Maine: Rockland, Southwest Harbor, Rockport
Rhode Island: Newport
Connecticut: Mystic, Norwalk
Vermont: Burlington (Lake Champlain)
New York: Henderson Harbor (Lake Erie, Thousand Islands)
Being There: Midcoast Maine
There’s a reason why Andrew Wyeth, Winslow Homer, Edward Hopper, and other American masters chose to paint coastal Maine scenes and why the Rockefellers (and Martha Stewart) built lavish summer homes there: its history, rocky islands, peaceful villages, hard-working fishermen, and simple beauty—even the fog—feed the soul. All these things make the Maine coast arguably the best cruising ground in the continental United States.
In the south, Casco Bay offers picture-postcard anchorages on its rocky islands, some uninhabited, others with tiny year-round communities of fishermen, many of whose families have lived there for generations. These special places are only a relatively short sail from the hip city of Portland and the outlet-shopping mecca of Freeport.
Farther up (or down, as in Down East), the coast reveals oodles of snug little harbors that provide excellent protection and variations on a basic theme—stunning natural beauty and charming coastal life. It’s easy to spend weeks exploring without ever stopping at the same place twice. And that’s before you reach the jewel of Penobscot Bay—a must-not-miss destination on any cruising itinerary. Here you sail in company with traditional windjammers and dodge the ubiquitous lobster pots before taking time ashore to hike the hills around Camden or shop along Rockland’s Main Street. Only a short sail across the bay, the vibrant communities on the islands of Ilesboro, Vinalhaven, and North Haven are quintessential coastal Maine. Stop in Pulpit Harbor to watch the sun set or anchor in the shelter of the Barred Islands to experience the peace of having a fogbound anchorage all to yourself.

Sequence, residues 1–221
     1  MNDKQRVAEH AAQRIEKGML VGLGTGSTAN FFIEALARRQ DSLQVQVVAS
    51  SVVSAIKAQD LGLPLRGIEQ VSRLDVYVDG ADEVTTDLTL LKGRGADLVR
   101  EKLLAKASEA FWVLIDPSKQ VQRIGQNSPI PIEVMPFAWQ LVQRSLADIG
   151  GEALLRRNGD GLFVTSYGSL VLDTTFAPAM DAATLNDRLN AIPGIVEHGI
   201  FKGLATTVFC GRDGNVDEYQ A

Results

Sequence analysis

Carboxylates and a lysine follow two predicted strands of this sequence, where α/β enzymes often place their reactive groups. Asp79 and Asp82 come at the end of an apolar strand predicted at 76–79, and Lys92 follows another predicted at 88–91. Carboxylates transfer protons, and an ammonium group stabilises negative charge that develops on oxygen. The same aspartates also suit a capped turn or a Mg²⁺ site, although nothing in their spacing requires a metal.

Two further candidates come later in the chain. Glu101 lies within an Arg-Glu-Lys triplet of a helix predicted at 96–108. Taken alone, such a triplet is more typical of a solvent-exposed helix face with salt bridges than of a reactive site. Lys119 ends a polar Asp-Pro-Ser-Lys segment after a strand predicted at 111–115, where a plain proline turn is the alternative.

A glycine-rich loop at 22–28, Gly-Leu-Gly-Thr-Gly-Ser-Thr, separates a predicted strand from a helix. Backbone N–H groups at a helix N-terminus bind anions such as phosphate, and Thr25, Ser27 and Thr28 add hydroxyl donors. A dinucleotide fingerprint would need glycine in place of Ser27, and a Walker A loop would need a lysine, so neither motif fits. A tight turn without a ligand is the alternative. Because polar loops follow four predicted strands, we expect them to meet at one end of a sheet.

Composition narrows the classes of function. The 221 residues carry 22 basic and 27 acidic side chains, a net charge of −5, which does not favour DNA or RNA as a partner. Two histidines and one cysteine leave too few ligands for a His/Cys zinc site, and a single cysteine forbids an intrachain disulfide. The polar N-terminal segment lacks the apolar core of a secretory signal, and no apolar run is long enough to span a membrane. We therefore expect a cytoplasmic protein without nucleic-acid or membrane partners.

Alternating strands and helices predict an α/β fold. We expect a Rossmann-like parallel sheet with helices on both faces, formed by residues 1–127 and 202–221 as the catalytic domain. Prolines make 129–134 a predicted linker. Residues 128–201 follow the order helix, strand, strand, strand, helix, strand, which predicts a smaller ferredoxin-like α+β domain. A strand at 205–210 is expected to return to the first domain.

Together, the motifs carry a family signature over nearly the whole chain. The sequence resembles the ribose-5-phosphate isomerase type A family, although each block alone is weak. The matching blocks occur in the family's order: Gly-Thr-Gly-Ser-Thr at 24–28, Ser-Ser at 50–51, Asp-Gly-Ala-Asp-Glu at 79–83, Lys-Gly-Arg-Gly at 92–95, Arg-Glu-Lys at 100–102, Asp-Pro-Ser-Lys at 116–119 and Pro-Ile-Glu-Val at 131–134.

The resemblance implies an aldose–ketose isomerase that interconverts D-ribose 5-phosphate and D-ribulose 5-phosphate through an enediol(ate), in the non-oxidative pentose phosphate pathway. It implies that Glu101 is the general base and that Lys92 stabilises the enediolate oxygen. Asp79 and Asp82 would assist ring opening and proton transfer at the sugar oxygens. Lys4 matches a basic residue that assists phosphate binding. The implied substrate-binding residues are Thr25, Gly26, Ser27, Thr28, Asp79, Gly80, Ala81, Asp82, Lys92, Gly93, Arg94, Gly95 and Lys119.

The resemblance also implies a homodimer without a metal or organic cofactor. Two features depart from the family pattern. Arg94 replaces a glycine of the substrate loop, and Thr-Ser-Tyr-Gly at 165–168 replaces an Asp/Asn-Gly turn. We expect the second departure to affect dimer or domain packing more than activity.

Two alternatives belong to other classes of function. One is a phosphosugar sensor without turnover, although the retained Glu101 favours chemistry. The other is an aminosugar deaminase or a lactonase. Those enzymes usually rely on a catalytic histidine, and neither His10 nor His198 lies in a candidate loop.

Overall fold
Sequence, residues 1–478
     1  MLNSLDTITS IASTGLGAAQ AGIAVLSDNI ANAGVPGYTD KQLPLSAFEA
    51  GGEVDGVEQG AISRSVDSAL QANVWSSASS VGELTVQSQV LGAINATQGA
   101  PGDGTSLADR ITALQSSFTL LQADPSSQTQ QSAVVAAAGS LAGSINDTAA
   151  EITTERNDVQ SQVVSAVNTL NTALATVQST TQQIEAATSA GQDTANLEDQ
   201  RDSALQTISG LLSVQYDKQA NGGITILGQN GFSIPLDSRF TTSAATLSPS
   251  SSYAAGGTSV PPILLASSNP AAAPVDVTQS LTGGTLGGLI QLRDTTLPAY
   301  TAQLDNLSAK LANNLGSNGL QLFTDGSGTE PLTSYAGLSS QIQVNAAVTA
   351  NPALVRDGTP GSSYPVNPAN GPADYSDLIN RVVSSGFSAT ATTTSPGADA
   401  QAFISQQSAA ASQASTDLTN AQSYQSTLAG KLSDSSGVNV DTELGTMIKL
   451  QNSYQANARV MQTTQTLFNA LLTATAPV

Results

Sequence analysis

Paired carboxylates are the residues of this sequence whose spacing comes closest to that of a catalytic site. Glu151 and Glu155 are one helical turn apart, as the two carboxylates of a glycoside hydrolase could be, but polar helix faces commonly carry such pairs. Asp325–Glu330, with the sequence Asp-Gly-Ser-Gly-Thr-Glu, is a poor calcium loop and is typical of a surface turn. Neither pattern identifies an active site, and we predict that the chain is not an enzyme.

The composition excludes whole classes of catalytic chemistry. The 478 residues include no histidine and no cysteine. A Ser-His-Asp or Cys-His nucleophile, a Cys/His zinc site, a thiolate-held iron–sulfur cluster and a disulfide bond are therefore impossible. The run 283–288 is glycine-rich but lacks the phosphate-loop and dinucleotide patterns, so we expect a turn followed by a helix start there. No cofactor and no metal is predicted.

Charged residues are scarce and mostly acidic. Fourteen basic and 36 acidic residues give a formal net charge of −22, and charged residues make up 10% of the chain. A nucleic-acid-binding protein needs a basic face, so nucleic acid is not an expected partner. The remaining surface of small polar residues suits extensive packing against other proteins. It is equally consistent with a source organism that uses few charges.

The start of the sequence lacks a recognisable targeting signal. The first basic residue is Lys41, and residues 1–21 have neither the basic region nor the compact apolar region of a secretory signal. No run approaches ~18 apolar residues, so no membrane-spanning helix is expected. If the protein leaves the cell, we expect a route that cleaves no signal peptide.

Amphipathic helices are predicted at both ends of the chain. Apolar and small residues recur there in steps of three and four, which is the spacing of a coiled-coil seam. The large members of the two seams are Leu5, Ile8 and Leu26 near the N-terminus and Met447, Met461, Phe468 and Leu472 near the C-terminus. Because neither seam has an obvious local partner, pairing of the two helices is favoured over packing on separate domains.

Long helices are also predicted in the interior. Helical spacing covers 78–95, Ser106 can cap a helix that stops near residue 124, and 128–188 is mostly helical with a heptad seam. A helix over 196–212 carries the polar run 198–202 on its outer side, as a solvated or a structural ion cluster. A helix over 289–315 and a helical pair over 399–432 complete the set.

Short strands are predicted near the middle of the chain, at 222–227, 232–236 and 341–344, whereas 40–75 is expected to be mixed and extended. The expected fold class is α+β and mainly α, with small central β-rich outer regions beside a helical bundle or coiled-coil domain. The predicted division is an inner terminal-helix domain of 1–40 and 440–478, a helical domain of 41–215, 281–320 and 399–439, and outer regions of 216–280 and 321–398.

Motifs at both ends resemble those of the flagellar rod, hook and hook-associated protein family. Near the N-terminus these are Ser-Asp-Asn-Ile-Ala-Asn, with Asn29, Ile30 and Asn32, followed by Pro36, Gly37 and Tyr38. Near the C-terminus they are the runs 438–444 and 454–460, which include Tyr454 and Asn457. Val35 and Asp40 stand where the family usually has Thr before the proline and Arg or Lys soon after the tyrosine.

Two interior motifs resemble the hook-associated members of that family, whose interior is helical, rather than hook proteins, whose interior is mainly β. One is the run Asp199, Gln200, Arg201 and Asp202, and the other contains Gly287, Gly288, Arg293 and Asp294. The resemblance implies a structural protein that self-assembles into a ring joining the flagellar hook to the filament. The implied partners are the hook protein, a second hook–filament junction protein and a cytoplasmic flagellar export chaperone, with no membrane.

If you time it right, you can experience the magic of power-reaching on prevailing summer southwesterlies through narrow, twisty Fox Island Thorofare. The cruising grounds become more rugged, remote, and (dare I say) more beautiful, the farther east you venture. Here, the relaxed sophistication of Northeast Harbor, the stunning beauty of Soames Sound, and the power of Cadillac Mountain and Acadia National Park are all within reach. Tiny villages in the area have some of the freshest lobster you’ll ever eat and some of the loudest unmuffled lobster boats you’ll ever encounter. But that’s all part of the charm. Bill Springer
Northern New England: Our chartering season runs from early June to late September, and our peak chartering time is late July and early August. The best time to sail in Maine, I think, is late August and early September, when the days are usually clearer, the anchorages are less crowded, and you’re most likely to have a good breeze all day. The typical summer wind is a southwesterly sea breeze at 10 to 15 knots, and summer sailors need to be prepared to deal with fog on any given day. Mary Johanson, Johanson Boatworks, Rockland, Maine
Southern New England: We’re open for chartering from the last week of May through Columbus Day. My favorite time to sail here is, hands down, September, when the water is warmest, there are fewer tourists, and the cooler nights make for great sleeping. The winds usually stay out of the southwest until the end of September, rising to 15 to 18 knots in the afternoon—perfect conditions for heading to Martha’s Vineyard and Nantucket. Even in Newport it can be hot and humid in August. Brian Blank, Bareboat Sailing Charters, Newport, Rhode Island